The World Health Organization on Tuesday recommended against the use of Ivermectin – a medicine used to treat parasitic infections – for treatment of COVID-19 patients.
“The current evidence on the use of Ivermectin to treat COVID-19 patients is inconclusive. Until more data is available, WHO recommends that the drug only be used within clinical trials…This recommendation, which applies to patients with COVID-19 of any disease severity, is now part of WHO’s guidelines on COVID-19 treatments,” the WHO website posted.
Ivermectin is a broad spectrum anti-parasitic agent, included in WHO essential medicines list for several parasitic diseases. It is used in the treatment of onchocerciasis (river blindness), strongyloidiasis and other diseases caused by soil transmitted helminthiasis. It is also used to treat scabies, the website added.
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German healthcare and life sciences giant Merck had also issued a similar warning. The Merck statement, shared by Dr Soumya Swaminathan, the global health body’s chief scientist, said its scientists continue to “carefully examine findings of all available and emerging studies of ivermectin for treatment of COVID-19”.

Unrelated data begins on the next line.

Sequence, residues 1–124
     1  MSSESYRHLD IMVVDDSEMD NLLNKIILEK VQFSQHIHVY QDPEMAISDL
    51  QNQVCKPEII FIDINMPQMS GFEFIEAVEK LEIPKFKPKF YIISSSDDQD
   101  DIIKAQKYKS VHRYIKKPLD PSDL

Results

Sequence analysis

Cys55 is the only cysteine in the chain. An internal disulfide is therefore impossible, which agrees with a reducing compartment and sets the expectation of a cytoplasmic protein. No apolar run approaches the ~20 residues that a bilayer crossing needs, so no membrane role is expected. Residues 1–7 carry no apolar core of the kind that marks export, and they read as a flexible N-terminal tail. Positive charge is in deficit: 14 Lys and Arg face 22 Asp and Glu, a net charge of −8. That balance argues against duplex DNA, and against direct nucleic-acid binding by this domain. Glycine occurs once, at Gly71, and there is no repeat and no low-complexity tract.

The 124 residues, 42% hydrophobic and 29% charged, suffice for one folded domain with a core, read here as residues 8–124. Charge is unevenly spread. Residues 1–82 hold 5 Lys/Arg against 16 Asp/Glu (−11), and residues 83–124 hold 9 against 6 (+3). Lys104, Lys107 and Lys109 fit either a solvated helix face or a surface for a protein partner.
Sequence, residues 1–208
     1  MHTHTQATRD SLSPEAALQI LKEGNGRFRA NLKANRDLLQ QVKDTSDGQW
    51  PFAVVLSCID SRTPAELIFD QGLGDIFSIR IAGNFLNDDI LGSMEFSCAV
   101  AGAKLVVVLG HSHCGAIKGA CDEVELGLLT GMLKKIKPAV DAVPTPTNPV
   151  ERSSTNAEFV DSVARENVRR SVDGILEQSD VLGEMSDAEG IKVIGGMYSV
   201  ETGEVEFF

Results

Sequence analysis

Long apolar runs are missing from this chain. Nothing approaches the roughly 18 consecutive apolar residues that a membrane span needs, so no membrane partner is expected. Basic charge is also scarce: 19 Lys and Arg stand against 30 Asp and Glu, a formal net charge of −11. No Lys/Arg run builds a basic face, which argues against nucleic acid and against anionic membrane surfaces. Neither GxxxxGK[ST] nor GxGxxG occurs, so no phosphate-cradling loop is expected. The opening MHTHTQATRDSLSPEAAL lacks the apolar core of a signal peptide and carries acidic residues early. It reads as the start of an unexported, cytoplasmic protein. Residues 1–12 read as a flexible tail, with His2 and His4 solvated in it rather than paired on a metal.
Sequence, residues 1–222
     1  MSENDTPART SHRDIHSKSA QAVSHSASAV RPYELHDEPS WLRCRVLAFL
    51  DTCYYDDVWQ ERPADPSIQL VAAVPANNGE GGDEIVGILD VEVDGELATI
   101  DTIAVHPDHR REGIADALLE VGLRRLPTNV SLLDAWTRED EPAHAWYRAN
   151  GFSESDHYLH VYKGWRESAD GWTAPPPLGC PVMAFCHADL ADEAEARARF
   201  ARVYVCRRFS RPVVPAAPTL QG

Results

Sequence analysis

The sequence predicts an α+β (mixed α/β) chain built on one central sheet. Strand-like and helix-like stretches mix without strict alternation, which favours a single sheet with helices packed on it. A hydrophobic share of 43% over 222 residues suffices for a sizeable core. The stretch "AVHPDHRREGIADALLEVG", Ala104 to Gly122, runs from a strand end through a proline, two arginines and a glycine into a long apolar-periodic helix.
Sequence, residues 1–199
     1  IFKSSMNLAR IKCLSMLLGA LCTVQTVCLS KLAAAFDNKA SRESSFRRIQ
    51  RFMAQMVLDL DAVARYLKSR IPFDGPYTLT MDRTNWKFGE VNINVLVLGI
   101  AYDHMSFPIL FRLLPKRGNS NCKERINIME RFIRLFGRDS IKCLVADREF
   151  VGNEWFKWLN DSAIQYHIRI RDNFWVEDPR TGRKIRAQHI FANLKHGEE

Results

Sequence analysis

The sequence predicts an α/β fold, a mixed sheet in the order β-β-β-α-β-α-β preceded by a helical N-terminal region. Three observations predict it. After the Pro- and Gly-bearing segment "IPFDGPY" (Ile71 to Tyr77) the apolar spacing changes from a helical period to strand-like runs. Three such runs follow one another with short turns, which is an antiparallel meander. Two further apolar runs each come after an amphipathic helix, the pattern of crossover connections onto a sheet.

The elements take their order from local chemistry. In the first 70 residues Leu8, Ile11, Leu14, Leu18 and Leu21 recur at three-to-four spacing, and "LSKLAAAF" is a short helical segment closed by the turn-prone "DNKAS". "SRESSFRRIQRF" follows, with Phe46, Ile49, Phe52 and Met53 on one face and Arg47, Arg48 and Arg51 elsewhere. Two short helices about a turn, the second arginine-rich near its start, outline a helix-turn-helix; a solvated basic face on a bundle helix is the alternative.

The WHO warning comes amid a debate on the efficacy of the drug. Last month, the Union Health Ministry had indicated use of ‘ivermectin’ to control fever among home isolation of asymptomatic COVID cases.
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On Monday, the Goa government said that all those above 18 years of age will be given Ivermectin drug irrespective of their coronavirus disease (COVID-19) status to bring down mortality.
State health minister Vishwajit Rane on Monday said patients will be given 12mg ivermectin for a period of five days as expert panels from the UK, Italy, Spain, and Japan have found a statistically significant reduction in mortality, time to recovery, and viral clearance in COVID-19 patients treated with this medicine.
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“I have given instructions for immediate implementation of prophylaxis (action taken to prevent disease) treatment,” Rane said.